Key Takeaways: Take advantage of employer-backed retirement programs ASAP and manage your new wealth wisely.

Getting Engaged

In 2019, the median age of marriage for a woman was 28, according to the Census Bureau. If wedded life is on the horizon in your 20s, make it a priority to discuss money well before the big day so you can continue the trend as a couple.

At least until you tie the knot, keep your own money separate with your own checking account and credit cards. Once you’re married, be smart about money that’s saved or spent jointly by setting a monthly meeting to discuss your budget and financial goals.

Expectations for money management is a top contender when it comes to things couples fight about, especially in the early years of marriage. Starting these conversations sooner can save you a lifetime of frustration down the road, and can even help make finances an issue you enjoy discussing and planning for together!

Key Takeaway: Have real, honest conversations about finances with your partner and make a plan together.

Protect Yourself With an Emergency Fund

A financial emergency can significantly hinder your ability to fulfill financial obligations. It’s impossible to predict the future, so an emergency fund–money you can use in case of an unexpected job loss, excessive medical expenses, car repairs, or even a market crash–is essential.

Your circumstances will inform the size of your emergency fund. A good rule of thumb is for individuals to have three to six months’ worth of typical expenses in an emergency fund.

Women without a partner’s income and who still tend to earn less than men may want to save even more, but everyone should have at least $1,000 saved in a high-yield savings account where you can earn more competitive interest than the big, traditional banks offer.

Consider job security, average monthly expenses, general health outlook, financial obligations, and future plans when building an appropriately sized emergency fund.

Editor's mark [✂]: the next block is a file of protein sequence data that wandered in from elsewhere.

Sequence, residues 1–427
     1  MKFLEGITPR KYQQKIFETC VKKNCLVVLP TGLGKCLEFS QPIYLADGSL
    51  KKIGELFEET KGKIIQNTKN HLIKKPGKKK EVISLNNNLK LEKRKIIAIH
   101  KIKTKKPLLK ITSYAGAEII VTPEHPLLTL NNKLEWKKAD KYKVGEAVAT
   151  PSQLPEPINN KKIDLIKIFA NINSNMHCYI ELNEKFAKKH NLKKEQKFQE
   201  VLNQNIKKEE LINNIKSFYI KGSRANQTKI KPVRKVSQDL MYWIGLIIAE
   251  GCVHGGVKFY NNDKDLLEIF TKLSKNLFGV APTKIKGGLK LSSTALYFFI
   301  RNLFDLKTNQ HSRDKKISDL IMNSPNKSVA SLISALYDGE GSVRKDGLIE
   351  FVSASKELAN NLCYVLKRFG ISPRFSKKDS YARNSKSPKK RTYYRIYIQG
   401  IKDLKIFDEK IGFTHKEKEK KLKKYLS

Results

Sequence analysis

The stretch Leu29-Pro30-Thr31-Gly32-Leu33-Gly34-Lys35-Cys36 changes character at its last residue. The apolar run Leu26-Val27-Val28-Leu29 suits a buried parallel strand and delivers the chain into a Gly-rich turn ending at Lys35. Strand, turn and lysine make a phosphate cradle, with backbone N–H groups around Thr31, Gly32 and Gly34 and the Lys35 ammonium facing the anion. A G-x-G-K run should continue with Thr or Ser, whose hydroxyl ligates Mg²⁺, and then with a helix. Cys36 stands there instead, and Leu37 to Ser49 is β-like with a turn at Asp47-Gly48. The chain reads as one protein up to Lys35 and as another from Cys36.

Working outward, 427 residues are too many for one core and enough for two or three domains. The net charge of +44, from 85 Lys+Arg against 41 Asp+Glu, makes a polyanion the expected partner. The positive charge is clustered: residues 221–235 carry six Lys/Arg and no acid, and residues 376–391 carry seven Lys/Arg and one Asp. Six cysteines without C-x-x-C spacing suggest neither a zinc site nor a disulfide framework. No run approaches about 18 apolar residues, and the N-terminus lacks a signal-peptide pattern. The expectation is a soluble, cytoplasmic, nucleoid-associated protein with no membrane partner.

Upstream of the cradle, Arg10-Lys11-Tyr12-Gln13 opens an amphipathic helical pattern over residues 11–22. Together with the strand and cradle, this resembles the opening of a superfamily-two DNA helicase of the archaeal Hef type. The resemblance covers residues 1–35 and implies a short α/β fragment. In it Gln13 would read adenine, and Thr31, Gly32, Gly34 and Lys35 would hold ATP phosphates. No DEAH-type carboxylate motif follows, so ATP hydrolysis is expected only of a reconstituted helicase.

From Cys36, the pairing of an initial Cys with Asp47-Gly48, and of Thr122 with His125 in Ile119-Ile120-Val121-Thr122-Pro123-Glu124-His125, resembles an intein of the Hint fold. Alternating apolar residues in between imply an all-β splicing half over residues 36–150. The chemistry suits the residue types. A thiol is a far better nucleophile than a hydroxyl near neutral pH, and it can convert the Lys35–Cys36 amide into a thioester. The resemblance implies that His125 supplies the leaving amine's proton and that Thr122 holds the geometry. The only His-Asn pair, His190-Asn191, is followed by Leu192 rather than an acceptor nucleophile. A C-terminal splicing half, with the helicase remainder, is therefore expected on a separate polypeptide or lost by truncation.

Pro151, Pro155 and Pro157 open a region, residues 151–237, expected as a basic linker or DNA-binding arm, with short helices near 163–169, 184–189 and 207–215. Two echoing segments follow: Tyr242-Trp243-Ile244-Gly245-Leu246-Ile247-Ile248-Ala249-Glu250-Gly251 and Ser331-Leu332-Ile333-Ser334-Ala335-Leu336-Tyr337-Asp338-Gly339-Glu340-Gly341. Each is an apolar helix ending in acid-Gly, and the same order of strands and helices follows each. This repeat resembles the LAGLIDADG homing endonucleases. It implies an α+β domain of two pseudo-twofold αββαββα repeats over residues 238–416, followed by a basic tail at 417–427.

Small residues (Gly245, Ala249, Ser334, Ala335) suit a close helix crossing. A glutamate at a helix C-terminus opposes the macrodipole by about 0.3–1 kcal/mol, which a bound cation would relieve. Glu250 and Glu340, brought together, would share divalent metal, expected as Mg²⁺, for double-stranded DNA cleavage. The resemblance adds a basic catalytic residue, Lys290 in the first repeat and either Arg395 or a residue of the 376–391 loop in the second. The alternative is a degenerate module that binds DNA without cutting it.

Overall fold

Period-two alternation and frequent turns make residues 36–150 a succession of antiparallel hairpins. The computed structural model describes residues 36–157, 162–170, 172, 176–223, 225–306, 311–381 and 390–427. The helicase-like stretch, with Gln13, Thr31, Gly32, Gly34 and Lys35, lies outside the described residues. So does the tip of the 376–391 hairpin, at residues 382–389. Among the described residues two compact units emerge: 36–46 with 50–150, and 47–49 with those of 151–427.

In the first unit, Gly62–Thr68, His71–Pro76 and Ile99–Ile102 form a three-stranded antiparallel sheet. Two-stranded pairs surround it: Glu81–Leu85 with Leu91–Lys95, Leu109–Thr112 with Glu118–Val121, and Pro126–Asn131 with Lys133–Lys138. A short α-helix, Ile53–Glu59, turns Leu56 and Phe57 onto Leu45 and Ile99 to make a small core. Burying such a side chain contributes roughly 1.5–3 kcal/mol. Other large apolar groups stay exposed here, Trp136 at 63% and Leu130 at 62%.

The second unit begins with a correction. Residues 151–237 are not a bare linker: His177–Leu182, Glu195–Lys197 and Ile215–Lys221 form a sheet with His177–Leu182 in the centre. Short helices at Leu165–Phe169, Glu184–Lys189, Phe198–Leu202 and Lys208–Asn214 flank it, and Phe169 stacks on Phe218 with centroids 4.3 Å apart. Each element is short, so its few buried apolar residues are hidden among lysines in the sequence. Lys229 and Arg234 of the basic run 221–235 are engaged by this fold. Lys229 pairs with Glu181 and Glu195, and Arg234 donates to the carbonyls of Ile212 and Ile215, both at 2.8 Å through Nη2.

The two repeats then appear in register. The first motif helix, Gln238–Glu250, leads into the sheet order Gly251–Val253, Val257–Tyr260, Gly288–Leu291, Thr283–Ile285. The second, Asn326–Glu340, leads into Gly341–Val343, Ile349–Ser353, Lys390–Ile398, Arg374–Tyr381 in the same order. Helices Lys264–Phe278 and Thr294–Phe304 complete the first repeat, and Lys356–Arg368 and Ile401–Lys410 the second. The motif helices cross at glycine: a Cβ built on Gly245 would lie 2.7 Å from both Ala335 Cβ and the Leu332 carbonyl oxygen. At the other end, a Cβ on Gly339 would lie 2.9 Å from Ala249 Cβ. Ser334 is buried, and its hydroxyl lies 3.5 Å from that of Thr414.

Key Takeaway: Consider the possibility of unexpected life changes and have extra finances in place to protect yourself.

Get Comfortable with Investing

You can’t just save your way to wealth, so investing often makes sense when creating a long-term financial plan. And because women have longer life expectancies than men as well as more systemic financial challenges, they often have to save and invest more strategically to have enough money for a secure future.

When it comes to investing, prioritize your retirement savings first. You want to ensure you have enough money invested for your retirement (which may last several decades) so that you don’t have to work your entire life or can pivot in your career sooner rather than never.

If you have access to an employer-sponsored retirement plan, make sure you’re investing at least enough to take advantage of any matches offered. From there, experts recommend investing at least 15% of your income in a retirement account, although you may want to invest more depending on your future needs and goals.

If you have additional discretionary income after monthly retirement savings goals, consider investing in taxable investment accounts or alternative assets (such as real estate) to continue building wealth. The earlier you start investing, the more your future will benefit from the power of compound interest.

Key Takeaway: Start investing as early as possible to help secure your financial future.


“Nothing that’s worthwhile is ever easy” might seem like a trope, but if you’re living through your 20s, you’ve probably learned that it’s true. You’re moving through a lot of growth and change, and you have many important decisions to make.

Your financial future is just one aspect of this ever-changing landscape, but it’s a crucial component. It’s well worth your time and effort to really consider the way your current financial choices will impact what comes next.

Ready to take your first steps toward shaping your financial future? Want a little help along the way? Consider working with our team at Better Money Decisions for expert solutions and strategies to guide you as you grow.

Our team is available for holistic financial planning and professional investment management to ensure you are on the right track to achieve your future goals.